Plow Forward

You may have noticed the last two articles seem a little contradictory.  After all, the moral of Cooking Tip #1 is to consider your actions before you leap; the moral of Non-Newtonian Fluids is to leave the pondering to someone else.  Leap out of the boat and go with gusto!  So wait, aren’t those contradictory?

Personally, I prefer the term “complementary.”  Here’s why. 

In Cooking Tip #1 we looked at what happens when we act impulsively on our own hasty desires without considering the consequences.  In this case, the desire originated from us.  It’s something we want.  And anytime it’s something we want, we need to pause and consider the consequences.  Is it also something God wants?

Interestingly, Peter’s walk on the water (Matthew 14:22-33) also originated with something he wanted.  It was Peter who first said, “Lord if it is you, tell me to come to you on the water.”  But think about this for a minute.  Peter didn’t just decide: “Check it out!  Jesus is walking on the water!  I’m going to walk on water too!” and hurl himself out of the boat.  He told Jesus “[You] tell me to come to you.” 

Jesus could have said, “No, you fool, stay in the boat.”  But He didn’t.  In another exhibition of His glory and power, Jesus said, “Come.”  And at that point there was no more time for second thoughts.  It was too late for Peter to shout “Just kidding!”  The time for pondering was over.  The time for action had arrived.  Peter got out of the boat and went.

Jesus is very clear, at several points within the Gospel accounts, that when He calls, it is our job to follow.  We see this in the calling of the disciples.  “Follow me,” He said.  And every time He called, his true disciples dropped everything and followed Him.  Then, before sending out the seventy-two, Jesus told those following Him, “No one who puts his hand to the plow and looks back is fit for service in the kingdom of God” (Luke 9:62).

Once we are called, we must move forward.  Once we step out of the boat, we must not look at the wind or the waves.  We must not hesitate.  Even when opposition blocks our path or makes us stumble – physical opposition, emotional opposition, mental opposition – we must put our hand to the plow and move forward.  Even when faith itself is weak, we must dig in and plow forward.

I love what C.S. Lewis wrote about faith in Mere Christianity1.  “Faith…is the art of holding on to things your reason has once accepted, in spite of your changing moods” (p. 140).  In other words, faith is keeping our hand to the plow once we have started.  Even when, as C.S. Lewis wrote, our “emotions will rise up and carry out a sort of blitz” (p. 140).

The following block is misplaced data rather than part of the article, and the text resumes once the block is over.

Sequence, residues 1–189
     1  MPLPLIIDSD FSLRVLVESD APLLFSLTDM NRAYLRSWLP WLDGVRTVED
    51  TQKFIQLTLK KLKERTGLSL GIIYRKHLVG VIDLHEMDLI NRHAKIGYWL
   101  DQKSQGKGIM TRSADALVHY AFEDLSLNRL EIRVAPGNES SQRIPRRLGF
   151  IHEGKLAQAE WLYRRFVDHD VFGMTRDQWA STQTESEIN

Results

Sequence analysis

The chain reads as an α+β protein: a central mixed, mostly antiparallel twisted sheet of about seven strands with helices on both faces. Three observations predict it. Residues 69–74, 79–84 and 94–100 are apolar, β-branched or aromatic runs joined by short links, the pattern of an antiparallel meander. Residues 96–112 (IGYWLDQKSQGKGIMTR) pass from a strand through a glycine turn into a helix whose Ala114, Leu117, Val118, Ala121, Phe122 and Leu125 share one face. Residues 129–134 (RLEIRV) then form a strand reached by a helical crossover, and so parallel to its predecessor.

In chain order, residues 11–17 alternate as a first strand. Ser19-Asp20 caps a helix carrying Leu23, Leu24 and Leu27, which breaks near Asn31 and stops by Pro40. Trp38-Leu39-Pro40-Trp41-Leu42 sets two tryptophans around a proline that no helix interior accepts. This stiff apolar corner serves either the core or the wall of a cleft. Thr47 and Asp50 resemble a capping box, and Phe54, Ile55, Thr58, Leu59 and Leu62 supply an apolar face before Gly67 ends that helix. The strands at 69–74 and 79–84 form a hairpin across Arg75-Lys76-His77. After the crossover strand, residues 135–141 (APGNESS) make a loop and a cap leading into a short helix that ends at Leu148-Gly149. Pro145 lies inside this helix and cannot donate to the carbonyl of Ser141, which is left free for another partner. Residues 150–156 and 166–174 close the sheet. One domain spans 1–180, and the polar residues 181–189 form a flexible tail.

Plowing forward is not blind activity; it is commitment to what we believe.  It is commitment to Who we believe.  C.S. Lewis noted: “I am not talking of moments at which any real new reasons against Christianity turn up.  Those have to be faced and that is a different matter.  I am talking about moments when a mere mood rises up against it” (p. 140).  He is talking, in other words, about the wind and the waves that we must simply plow through.  The wind and the waves are scary, but they do not change the fact that Jesus is still standing there, calling. 

Christianity has never been a contradiction between reason and faith.  It is prudent to check our desires and to seek wise counsel in our actions.  But once God has called us – whether generally into His Christian family or specifically to some purpose you feel He is guiding you toward – the time for hesitation has passed.  When He calls, we must plow forward.

 “No one who puts his hand to the plow and looks back is fit for service in the kingdom of God” (Luke 9:62).

1 Lewis, C.S. (1980). Mere Christianity. New York: HarperCollins.

2 thoughts on “Plow Forward

Leave a Reply

Fill in your details below or click an icon to log in:

WordPress.com Logo

You are commenting using your WordPress.com account. Log Out /  Change )

Google photo

You are commenting using your Google account. Log Out /  Change )

Twitter picture

You are commenting using your Twitter account. Log Out /  Change )

Facebook photo

You are commenting using your Facebook account. Log Out /  Change )

Connecting to %s